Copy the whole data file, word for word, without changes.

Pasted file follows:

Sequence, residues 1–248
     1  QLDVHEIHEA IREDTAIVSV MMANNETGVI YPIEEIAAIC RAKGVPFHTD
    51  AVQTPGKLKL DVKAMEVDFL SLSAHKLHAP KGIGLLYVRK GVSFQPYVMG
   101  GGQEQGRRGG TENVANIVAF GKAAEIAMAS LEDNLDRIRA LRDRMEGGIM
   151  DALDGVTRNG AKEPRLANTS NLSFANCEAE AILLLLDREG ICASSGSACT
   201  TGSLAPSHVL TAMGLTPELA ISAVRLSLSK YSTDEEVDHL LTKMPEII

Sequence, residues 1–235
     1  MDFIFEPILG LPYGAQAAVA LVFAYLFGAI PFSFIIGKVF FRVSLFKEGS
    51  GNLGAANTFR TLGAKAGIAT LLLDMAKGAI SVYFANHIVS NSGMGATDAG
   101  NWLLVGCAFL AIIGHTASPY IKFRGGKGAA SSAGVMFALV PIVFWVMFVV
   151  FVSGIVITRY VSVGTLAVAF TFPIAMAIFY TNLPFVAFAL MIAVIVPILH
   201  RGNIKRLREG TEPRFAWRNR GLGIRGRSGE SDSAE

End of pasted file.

Sequence, residues 1–248
     1  QLDVHEIHEA IREDTAIVSV MMANNETGVI YPIEEIAAIC RAKGVPFHTD
    51  AVQTPGKLKL DVKAMEVDFL SLSAHKLHAP KGIGLLYVRK GVSFQPYVMG
   101  GGQEQGRRGG TENVANIVAF GKAAEIAMAS LEDNLDRIRA LRDRMEGGIM
   151  DALDGVTRNG AKEPRLANTS NLSFANCEAE AILLLLDREG ICASSGSACT
   201  TGSLAPSHVL TAMGLTPELA ISAVRLSLSK YSTDEEVDHL LTKMPEII

Sequence, residues 1–235
     1  MDFIFEPILG LPYGAQAAVA LVFAYLFGAI PFSFIIGKVF FRVSLFKEGS
    51  GNLGAANTFR TLGAKAGIAT LLLDMAKGAI SVYFANHIVS NSGMGATDAG
   101  NWLLVGCAFL AIIGHTASPY IKFRGGKGAA SSAGVMFALV PIVFWVMFVV
   151  FVSGIVITRY VSVGTLAVAF TFPIAMAIFY TNLPFVAFAL MIAVIVPILH
   201  RGNIKRLREG TEPRFAWRNR GLGIRGRSGE SDSAE